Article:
Hotel Designs Editor Hamish Kilburn caught up with Dimitris Manikis, the new Managing Director (EMEA) of Wyndham Hotels & Resorts to find out more about how he plans to expand the brand as it enters a new chapter…
Wyndham Hotels & Resorts, the hospitality giant with more than 9,000 hotels worldwide, recently announced the appointment of Dimitris Manikis as the company’s new President and Managing Director for Europe, Middle East, Eurasia and Africa (EMEA).
I met Manikis in a quaint, tucked-away boutique hotel in Soho, London. Wearing what I believe to be the most fabulous glasses in the industry, Manikis’ beaming ear-to-ear smile led me to believe that I would click with him instantly. My first impressions of Manikis was that of surprise. Surprised that someone can remain so calm while carrying the weight of 460 hotels in more than 40 markets in the EMEA (and counting) on his shoulders. We both laughed as we compared glasses and sat down to discuss how he plans to maximise the performance of the group.
Hamish Kilburn: What are the Wyndham Wyndham Hotels & Resorts’ unique selling points?
Dimitris Manikis: Our brand cannot be replicated. For us, we want to keep the authenticity. We want that to reflect in a way that can marry various cultures and locations. Wyndham Grand in Athens, for example, has a beautiful rooftop bar that overlooks the acropolis. You cannot have an acropolis anywhere in the world. Design is absolutely crucial for our brand. We actually have an Architecture, Innovation and Design team who work in-house, which allows us to continue to create twists in our hotel narratives.
I think, through our USPs, we have helped to make travel more affordable in a very consistent manner.
We introduced a soft brand – in terms of allowing properties to have their own attitude and personality. The design-centric Trademark is a brand that is very close to our hearts here in Europe. It’s a brand where you do not box the property into a standard category. We allow each hotel to have its own personality and authenticity, but we allow the team at the hotel the opportunity to piggyback on the group’s distribution and reputation.
HK: What are the basic requirements that guests want when checking in to a hotel?
DM: For them to smile and for them to be happy to be there. We feel, as a franchise model, that we give the owners the flexibility to use the destination as the backdrop and the inspiration.
We want our guests to feel as if they are checking in to a home-from-home, and also that the Wyndham brand is giving them all of their needs to meet the basic requirements of the company DNA (safety, service, etc). Only then can we focus on the add-ons to make our guests feel special. It’s not easy, but our individuality is our key!
DM: I’m not supposed to ask questions, but I will ask anyway. So in your job, what makes you say, ‘that hotel works’?
HK: Do you know what’s really interesting? So many hotels open every day, all over the world. My job is to try to find gems; the hotels that are really worth writing about. Soon after finding a gem, I want to know all about the design story. For example, I reviewed a hotel once that was reopening in Sierra Nirvana in Spain. It wasn’t the location that captured my attention so much than the story behind the renovation. The hotel had in fact burnt down. The same design company that was involved in the original build was commissioned back, and that was the angle for me. It was like watching the hotel rise from the ashes! It was also fascinating to find out which elements the design company changed in the redesign, almost as if they were given a second chance to improve it to create the perfect hotel. The result was amazing!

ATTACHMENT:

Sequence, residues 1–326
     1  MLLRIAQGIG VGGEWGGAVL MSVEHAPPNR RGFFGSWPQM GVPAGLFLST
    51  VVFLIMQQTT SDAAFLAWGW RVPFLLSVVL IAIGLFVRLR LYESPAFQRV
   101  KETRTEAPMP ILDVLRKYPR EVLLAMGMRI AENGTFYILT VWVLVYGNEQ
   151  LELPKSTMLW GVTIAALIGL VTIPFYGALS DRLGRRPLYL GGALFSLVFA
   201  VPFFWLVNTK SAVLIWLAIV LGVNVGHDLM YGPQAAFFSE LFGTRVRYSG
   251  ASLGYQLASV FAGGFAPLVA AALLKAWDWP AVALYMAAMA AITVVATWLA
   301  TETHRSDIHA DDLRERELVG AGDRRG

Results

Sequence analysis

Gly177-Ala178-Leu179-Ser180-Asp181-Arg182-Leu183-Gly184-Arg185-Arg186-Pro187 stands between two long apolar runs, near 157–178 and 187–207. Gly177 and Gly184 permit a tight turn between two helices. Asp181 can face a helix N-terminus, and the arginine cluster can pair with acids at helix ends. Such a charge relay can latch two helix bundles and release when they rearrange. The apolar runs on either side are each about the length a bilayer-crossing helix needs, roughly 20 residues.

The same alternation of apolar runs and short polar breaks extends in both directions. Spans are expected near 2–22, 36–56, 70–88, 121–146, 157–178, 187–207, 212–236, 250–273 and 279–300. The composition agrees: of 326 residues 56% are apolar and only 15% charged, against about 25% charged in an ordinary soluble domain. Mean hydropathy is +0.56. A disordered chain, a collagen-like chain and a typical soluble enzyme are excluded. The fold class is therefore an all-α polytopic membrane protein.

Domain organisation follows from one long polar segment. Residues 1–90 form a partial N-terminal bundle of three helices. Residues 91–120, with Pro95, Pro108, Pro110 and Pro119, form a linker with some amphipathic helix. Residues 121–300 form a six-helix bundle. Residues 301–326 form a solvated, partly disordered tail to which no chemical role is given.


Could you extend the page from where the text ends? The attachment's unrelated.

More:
HK: Who is your biggest inspiration?
DM: My dad. He’s the only person I know who does not have a passport. In fact, he has never left Greece.
HK: Where, from a location point of view, is of most interest at the moment?
DM: Honestly, I think everywhere that planes fly to. Our brand is very diverse and that includes opening hotels in tier 2 cities, which we believe is a huge opportunity.
HK: With all the stories in the wider press about Turkey, does the region create any concern for the hotel brand when it comes to opening new properties?
DM: I can tell you that our hotels in Turkey are doing extremely well. We are growing at a fast rate, with 65 properties in Turkey alone, and growing, we are one of the major hotel brands in the region. People will not stop travelling. Where ever travelers go, we plan to be there with a Wyndham hotel to welcome them.
HK: What advice do you have for people starting out in this industry?
DM: My personal motto is to have ‘Ethos, pathos and logos’, which translates to ethos, passion and logic. If you have passion, add logic and have a strong, positive ethos then you cannot go wrong, in my opinion.
HK: How did you get into hospitality?
DM: I originally wanted to study history and psychology in Greece, but someone persuaded me to go into business. I did four years at university studying business before I met the general manager at the Intercontinental in Athens. I applied to be a trainee. I was there for one year and six months. I cleaned more glasses and peeled more potatoes than most people would clean and peel in a lifetime. However, I learnt so much. I remember the GM, he was amazing! He used to carry his notebook around like a John major and had such a grand aura around him. For me, a 22-year-old aspiring to one day be a GM, he was gold. After that, I decided to ditch business to work in hospitality. I came to the UK to study tourism. The rest, as they say, is history – although I’m still not a GM!
As we wrap up our meeting, I couldn’t help but wonder what it would be like to work with Dimitris. The man in retro-orange glasses also had an aura around him – one that was fun, fair and full of energy for the brand.